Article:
Blacksburg. I set out with this question of the urban landscape. The density of Blacksburg’s “down town” area is nothing like that of an actual urban city. I came back to my desk disappointed after walking all around this college town to find some kernel of urbanity. I walked out of the building once more in hopes that my desires would be satiated. Suddenly, the city scape appeared before my eyes. The gritty towers rose from the ground, higher than my belief.
I remember back to a time I was in high school. I was reading a poster on the wall that talked about the way in which we learn. The last point of learning was about repetition or review. At times, I have difficulties remembering information I once knew. The things I do remember, I remember because I had to explain it to someone else or I talk to someone about it in detail.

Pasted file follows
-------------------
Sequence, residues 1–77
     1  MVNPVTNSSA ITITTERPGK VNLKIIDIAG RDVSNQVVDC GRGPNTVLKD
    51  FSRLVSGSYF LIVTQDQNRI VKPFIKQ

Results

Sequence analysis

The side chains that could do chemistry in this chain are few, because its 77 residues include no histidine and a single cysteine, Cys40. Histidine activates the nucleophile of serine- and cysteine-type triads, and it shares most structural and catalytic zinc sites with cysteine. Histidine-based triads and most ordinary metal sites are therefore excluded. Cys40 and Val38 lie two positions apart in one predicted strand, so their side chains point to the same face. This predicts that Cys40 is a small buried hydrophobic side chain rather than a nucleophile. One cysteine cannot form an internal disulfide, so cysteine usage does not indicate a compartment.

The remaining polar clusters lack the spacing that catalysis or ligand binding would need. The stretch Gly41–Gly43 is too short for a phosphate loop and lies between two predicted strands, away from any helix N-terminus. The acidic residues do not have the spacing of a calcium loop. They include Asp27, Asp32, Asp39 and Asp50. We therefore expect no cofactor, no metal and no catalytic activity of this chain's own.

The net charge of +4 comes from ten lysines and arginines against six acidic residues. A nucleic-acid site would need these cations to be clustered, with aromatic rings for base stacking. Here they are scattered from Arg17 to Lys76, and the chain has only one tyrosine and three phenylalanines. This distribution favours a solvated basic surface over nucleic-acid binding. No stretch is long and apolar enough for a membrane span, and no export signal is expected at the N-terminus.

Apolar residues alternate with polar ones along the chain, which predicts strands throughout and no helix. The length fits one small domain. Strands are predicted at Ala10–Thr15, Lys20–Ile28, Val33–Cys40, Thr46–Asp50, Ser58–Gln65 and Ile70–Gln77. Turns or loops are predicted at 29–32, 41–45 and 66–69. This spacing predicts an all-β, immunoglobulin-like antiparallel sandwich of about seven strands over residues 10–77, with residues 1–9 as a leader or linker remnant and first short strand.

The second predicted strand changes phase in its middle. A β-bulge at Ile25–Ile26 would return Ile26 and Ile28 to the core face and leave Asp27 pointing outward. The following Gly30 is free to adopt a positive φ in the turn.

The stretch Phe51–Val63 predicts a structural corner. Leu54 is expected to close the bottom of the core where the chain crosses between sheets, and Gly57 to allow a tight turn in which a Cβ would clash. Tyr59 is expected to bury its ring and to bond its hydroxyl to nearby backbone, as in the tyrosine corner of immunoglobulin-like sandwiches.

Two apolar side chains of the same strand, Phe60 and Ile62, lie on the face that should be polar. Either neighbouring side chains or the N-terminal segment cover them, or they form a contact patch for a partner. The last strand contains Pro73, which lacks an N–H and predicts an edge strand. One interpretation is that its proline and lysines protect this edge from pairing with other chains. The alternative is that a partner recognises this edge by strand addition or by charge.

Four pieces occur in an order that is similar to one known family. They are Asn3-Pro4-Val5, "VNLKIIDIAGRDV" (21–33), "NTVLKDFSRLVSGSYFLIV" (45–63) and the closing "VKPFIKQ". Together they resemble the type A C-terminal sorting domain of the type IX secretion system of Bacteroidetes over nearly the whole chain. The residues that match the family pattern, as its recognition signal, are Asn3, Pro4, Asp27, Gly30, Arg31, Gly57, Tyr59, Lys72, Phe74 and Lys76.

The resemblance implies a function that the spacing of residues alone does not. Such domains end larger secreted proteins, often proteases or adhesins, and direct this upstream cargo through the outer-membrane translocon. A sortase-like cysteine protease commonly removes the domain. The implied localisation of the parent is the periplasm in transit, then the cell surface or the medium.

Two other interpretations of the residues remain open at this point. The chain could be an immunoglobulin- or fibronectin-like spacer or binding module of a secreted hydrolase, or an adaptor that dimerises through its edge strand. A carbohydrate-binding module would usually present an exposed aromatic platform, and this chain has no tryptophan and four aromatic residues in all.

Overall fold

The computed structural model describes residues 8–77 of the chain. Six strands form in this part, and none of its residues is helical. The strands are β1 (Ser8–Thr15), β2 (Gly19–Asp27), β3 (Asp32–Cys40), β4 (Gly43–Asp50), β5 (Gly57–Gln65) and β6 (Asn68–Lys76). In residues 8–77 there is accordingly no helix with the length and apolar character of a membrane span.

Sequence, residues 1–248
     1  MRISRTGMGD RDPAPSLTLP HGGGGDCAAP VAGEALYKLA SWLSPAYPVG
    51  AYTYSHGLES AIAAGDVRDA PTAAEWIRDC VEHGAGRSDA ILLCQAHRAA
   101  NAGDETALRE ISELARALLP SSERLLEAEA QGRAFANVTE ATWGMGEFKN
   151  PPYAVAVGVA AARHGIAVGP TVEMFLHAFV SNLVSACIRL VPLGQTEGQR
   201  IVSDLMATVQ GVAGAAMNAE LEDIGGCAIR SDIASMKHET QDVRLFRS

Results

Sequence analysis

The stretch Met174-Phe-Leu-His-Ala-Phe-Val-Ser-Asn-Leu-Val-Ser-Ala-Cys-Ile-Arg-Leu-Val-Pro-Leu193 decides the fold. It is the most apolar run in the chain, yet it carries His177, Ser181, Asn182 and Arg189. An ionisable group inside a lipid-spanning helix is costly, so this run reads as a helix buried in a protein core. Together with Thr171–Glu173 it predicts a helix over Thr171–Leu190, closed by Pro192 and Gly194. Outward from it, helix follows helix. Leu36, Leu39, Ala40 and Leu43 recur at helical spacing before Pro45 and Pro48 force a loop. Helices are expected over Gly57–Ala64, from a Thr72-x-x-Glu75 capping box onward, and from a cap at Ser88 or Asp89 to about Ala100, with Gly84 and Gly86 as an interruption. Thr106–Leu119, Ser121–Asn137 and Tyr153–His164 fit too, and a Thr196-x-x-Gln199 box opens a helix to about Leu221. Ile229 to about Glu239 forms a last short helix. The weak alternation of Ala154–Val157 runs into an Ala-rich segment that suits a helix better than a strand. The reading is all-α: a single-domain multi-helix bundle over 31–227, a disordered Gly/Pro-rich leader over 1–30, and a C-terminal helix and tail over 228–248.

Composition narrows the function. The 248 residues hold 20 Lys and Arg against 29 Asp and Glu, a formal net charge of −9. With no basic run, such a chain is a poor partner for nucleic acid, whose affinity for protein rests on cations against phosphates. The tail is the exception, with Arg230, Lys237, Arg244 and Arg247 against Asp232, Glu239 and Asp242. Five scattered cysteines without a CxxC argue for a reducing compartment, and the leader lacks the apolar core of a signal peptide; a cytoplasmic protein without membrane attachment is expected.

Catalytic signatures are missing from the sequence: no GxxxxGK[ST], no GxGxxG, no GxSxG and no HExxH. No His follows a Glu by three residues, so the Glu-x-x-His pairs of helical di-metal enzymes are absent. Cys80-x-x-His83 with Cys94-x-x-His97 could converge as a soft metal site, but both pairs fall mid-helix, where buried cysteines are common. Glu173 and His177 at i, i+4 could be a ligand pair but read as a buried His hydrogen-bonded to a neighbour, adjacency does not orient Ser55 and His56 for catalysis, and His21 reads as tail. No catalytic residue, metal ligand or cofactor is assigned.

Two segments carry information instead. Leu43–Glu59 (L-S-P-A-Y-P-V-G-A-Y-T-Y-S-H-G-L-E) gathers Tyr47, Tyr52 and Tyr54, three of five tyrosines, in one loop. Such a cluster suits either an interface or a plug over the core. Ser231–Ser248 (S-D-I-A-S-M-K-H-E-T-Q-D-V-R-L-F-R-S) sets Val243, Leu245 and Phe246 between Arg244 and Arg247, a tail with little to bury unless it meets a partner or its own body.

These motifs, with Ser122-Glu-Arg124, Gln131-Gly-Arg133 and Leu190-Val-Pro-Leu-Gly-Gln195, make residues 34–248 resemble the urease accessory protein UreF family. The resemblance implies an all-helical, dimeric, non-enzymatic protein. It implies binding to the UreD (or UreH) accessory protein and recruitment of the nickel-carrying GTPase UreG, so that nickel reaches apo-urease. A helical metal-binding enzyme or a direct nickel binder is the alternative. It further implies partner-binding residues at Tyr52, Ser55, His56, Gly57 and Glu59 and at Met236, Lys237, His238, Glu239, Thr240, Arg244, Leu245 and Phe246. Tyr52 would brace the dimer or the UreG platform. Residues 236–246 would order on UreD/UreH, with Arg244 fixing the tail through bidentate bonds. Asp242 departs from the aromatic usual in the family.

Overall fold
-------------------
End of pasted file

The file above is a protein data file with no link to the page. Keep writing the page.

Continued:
Perhaps, I can do the same with writing.
This evening, I watched a TED talk called “Why Architects Need to Use Their Ears” by Julian Treasure. He touched on acoustics of a space quite a bit and how sound affects people, especially in hospitals, schools, and offices, but something that resonated with me was this idea of “Invisible Architecture” that he talked about. We don’t see sound. We perceive it, and it has an affect on us “physiologically, psychologically, cognitively, and behaviorally”. With this piece, I was initially going to make a continuous line out of sound waves. I quickly realized how little we can tell about sound when we are simply looking at the waves themselves. Sure, we can make assumptions about the volume of the sound, but what more? Through an overlay of abstracted images and color, one can get a sense of the mood of the space. We can pass judgement on the quality of sound and make assumptions about what we would feel in that space. This is what that term invisible architecture means to me. It is when you’re in a space and you close your eyes. Your hearing becomes focused but you still have a memory of the feeling of the space.